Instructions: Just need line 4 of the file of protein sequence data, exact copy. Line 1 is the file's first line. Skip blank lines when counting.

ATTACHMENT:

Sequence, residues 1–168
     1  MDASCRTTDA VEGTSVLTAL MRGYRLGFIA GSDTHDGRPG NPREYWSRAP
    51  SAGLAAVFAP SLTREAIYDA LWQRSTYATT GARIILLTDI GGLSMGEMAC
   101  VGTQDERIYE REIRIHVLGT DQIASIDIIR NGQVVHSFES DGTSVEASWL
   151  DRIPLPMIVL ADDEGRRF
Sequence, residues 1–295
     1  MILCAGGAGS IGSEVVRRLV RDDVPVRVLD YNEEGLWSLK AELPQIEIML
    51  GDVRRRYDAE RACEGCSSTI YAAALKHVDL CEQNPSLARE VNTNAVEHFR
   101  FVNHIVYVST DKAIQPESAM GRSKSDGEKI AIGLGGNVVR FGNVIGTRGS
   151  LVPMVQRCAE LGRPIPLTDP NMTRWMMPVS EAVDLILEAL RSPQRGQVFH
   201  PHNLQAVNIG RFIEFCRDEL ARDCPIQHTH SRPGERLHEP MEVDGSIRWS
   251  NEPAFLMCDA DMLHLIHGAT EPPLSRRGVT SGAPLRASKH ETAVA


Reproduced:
   101  VGTQDERIYE REIRIHVLGT DQIASIDIIR NGQVVHSFES DGTSVEASWL